University College Dublin researchers led by Conway Fellow, Professor David Brayden have shown that a candidate drug delivery polymer may have potential for oral or topical use. These findings were recently published in the Journal of Controlled Release.
The team of scientists, who are part of the Science Foundation Ireland- funded Irish Drug Delivery Network, set out to investigate if an antibacterial synthetic polymer called pDMAEMA [poly(2-(dimethylamino ethyl)methacrylate] is as damaging to normal human cells as it is to bacteria.
This sticky polymer binds membranes and previous research by the team demonstrated that it has a novel bactericidal action against a range of bacteria. This finding has led to pDMAEMA being proposed as a surface-coating for medical devices in an effort to reduce the number of hospital-acquired infections.
This study, which formed part of the doctoral research by lead author Lee-Anne Rawlinson, used high content analysis, a non-invasive imaging technique that can monitor a number of parameters over a time period using up to eight fluorescent dyes. It has an unique advantage over other techniques in that it does not interfere with cells during the analysis.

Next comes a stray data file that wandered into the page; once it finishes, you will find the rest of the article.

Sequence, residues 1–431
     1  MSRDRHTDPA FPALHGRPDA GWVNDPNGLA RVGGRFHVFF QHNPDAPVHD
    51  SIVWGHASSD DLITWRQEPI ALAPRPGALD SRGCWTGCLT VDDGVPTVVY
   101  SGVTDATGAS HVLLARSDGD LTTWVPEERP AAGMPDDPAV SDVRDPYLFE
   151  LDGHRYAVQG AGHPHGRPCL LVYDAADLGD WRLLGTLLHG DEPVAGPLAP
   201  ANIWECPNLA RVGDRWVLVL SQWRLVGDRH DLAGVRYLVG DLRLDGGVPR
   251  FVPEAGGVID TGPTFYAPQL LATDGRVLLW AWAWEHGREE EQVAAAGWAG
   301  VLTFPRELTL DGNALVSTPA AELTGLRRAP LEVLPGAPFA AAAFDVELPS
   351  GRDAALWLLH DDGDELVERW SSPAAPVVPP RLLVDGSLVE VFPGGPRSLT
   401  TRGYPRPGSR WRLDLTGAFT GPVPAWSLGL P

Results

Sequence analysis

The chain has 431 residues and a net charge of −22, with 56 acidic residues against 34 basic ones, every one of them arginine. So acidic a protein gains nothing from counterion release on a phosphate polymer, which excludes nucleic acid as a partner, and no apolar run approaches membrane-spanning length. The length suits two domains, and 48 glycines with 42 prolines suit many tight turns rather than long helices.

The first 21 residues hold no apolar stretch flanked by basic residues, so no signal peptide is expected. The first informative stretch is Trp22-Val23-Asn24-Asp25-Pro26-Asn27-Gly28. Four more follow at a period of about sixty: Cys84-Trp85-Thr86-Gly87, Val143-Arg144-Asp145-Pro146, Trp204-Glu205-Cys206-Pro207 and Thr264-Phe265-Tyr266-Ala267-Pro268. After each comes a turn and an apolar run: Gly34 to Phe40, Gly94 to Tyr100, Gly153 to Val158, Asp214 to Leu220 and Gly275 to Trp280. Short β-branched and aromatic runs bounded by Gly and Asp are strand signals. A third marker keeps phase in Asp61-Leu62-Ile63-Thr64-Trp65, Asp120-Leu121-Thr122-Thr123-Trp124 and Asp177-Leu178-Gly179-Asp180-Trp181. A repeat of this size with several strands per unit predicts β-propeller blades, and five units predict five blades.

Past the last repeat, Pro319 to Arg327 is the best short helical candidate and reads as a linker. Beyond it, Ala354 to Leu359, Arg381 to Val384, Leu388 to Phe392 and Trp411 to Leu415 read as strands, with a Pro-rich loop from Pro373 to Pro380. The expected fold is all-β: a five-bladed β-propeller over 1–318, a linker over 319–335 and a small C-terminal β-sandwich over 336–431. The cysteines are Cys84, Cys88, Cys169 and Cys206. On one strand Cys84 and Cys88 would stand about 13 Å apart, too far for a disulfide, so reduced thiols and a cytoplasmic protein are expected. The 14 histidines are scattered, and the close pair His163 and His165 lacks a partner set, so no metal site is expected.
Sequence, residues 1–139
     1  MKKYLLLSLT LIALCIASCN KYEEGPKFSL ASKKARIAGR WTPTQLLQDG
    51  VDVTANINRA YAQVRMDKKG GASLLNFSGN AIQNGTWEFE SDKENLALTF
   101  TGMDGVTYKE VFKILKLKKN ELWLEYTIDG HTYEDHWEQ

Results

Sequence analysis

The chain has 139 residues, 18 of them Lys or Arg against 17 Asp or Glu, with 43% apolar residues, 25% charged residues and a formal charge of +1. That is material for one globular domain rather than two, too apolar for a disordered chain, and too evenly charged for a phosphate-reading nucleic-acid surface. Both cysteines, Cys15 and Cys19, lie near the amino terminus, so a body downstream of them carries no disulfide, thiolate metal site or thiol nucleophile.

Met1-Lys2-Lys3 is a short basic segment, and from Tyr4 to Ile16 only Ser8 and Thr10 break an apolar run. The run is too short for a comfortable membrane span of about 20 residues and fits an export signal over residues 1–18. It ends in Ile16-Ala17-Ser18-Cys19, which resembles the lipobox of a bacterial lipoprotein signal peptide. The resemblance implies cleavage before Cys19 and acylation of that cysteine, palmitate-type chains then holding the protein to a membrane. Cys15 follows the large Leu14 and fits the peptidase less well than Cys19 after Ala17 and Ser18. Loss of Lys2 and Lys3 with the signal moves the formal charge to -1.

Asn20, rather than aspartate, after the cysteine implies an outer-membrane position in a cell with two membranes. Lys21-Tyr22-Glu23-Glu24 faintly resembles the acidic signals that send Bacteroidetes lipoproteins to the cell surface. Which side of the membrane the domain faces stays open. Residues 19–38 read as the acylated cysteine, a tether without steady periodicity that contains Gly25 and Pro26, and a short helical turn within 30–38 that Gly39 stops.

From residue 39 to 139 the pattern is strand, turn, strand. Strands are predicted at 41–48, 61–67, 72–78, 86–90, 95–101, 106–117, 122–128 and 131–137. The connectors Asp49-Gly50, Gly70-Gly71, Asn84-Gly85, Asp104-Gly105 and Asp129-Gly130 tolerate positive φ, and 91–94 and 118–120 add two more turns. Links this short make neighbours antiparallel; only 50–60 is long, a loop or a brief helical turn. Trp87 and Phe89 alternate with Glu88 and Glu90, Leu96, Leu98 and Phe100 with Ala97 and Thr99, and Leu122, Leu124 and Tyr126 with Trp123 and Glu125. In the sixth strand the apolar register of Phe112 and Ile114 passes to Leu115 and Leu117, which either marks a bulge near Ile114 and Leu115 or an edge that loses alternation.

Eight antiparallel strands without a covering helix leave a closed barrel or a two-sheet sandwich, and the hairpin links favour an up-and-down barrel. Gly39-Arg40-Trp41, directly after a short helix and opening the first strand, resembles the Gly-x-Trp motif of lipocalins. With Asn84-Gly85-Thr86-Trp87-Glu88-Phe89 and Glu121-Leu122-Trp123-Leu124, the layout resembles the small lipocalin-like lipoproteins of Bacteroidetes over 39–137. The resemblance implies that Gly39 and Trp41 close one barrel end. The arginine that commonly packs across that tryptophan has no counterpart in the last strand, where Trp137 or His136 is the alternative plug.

The findings showed that pDMAEMA was cytotoxic to white blood cells, but not to intestinal epithelial cells, and that it did not damage intestinal mucosae in the model used even in high concentrations. This would suggest that the polymer might have potential for oral or topical use, rather than by systemic injection.
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High content analysis of cytotxic effects of pDMAEMA on human intestinal epithelial and monocyte cultures. Lee-Anne B Rawlinson, Peter J. O’Brien, David J. Brayden. Journal of Controlled Release. May 7. [Epub ahead of print] PMID: 20457190.